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GCN Circular 24950

LIGO/Virgo S190701ah: Identification of a GW compact binary merger candidate
2019-07-01T21:26:30Z (5 years ago)
Brandon Piotrzkowski at U of Wisconsin-Milwaukee <>
The LIGO Scientific Collaboration and the Virgo Collaboration report:

We identified the compact binary merger candidate S190701ah during
real-time processing of data from LIGO Hanford Observatory (H1), LIGO
Livingston Observatory (L1), and Virgo Observatory (V1) at 2019-07-01
20:33:06.578 UTC (GPS time: 1246048404.578). The candidate was found
by the PyCBC Live [1], MBTAOnline [2], SPIIR [3], and GstLAL [4]
analysis pipelines.

S190701ah is an event of interest because its false alarm rate, as
estimated by the online analysis, is 1.9e-08 Hz, or about one in 1
year, 7 months. The event's properties can be found at this URL:

The classification of the GW signal, in order of descending probability, is BBH (93%),
Terrestrial (7%), BNS (<1%), NSBH (<1%), or MassGap (<1%).

Assuming the candidate is astrophysical in origin, there is strong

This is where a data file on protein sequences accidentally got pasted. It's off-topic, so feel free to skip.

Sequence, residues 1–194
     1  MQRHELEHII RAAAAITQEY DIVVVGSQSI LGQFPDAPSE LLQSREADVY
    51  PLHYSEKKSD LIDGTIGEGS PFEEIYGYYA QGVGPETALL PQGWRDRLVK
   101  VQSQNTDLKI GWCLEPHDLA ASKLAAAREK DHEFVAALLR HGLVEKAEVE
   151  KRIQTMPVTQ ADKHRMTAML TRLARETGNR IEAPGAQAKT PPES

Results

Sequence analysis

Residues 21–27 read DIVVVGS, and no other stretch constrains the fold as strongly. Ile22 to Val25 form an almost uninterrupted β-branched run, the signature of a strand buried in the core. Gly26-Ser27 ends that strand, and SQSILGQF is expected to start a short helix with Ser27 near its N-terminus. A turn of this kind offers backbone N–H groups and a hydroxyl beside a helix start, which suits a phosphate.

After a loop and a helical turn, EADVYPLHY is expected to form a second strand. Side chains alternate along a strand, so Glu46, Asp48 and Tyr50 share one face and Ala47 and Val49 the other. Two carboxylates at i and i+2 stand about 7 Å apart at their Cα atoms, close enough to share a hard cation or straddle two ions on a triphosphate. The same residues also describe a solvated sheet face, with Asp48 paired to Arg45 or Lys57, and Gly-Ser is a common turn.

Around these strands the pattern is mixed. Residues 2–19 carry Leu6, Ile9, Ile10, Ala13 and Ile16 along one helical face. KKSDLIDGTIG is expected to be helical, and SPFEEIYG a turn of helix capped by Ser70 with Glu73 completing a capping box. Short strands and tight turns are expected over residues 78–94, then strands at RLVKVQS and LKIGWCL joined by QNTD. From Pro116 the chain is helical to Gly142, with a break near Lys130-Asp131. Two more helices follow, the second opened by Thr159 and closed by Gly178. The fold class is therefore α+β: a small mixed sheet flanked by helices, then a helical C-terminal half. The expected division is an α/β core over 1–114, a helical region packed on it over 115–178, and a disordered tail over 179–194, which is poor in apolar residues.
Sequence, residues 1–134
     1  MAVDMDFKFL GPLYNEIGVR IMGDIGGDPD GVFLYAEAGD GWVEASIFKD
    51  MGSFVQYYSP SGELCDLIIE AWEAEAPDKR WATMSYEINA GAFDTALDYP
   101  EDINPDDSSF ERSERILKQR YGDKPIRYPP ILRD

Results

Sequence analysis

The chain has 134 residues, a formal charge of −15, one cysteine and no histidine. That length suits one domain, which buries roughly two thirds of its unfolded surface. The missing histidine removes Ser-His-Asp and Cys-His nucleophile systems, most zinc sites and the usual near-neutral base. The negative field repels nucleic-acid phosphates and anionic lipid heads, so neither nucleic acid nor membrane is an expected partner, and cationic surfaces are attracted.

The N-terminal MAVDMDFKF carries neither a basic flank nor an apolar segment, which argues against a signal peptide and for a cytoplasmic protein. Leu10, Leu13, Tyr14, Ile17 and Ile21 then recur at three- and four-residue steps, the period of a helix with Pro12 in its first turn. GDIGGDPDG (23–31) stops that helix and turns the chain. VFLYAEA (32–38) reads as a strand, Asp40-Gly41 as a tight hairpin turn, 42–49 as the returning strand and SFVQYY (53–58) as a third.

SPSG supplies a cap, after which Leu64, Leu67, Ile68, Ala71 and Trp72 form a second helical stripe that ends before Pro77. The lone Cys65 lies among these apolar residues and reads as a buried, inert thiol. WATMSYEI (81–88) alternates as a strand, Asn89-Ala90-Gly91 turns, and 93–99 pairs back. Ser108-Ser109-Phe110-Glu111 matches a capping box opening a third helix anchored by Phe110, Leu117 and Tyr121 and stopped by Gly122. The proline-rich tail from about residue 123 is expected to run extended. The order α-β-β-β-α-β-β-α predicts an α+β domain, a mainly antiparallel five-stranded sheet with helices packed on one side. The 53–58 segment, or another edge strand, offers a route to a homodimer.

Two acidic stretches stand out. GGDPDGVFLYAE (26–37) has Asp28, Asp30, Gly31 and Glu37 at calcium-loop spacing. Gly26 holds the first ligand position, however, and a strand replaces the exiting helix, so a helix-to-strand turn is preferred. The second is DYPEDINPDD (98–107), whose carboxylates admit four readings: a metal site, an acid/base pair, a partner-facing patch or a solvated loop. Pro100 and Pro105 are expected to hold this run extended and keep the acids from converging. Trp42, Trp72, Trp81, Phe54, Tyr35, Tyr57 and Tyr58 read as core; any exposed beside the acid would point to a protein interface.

evidence against the lighter compact object having a mass < 3 solar
masses (HasNS: <1%). Using the masses and spins inferred from the
signal, there is strong evidence against matter outside the final
compact object (HasRemnant: <1%).

One sky map is available at this time and can be retrieved from the
GraceDB event page:
 * bayestar.fits.gz, an updated localization generated by BAYESTAR
[5], distributed via GCN notice about 4 minutes after the candidate

For the bayestar.fits.gz sky map, the 90% credible region is well fit
by an ellipse with an area of 67 deg2 described by the following DS9
region (right ascension, declination, semi-major axis, semi-minor
axis, position angle of the semi-minor axis):
   icrs; ellipse(02h30m42s, -06d53m30s, 8d, 3d, 97d)
Marginalized over the whole sky, the a posteriori luminosity distance
estimate is 1045 +/- 234 Mpc (a posteriori mean +/- standard

There is substantial scattered light noise in L1 for several seconds around the trigger time. This may affect the accuracy of the skymap, but is not expected to affect the significance of the candidate.

For further information about analysis methodology and the contents of
this alert, refer to the LIGO/Virgo Public Alerts User Guide

 [1] Nitz et al. PRD 98, 024050 (2018)
 [2] Adams et al. CQG 33, 175012 (2016)
 [3] Qi Chu, PhD Thesis, The University of Western Australia (2017)
 [4] Messick et al. PRD 95, 042001 (2017)���
 [5] Singer & Price PRD 93, 024013 (2016)
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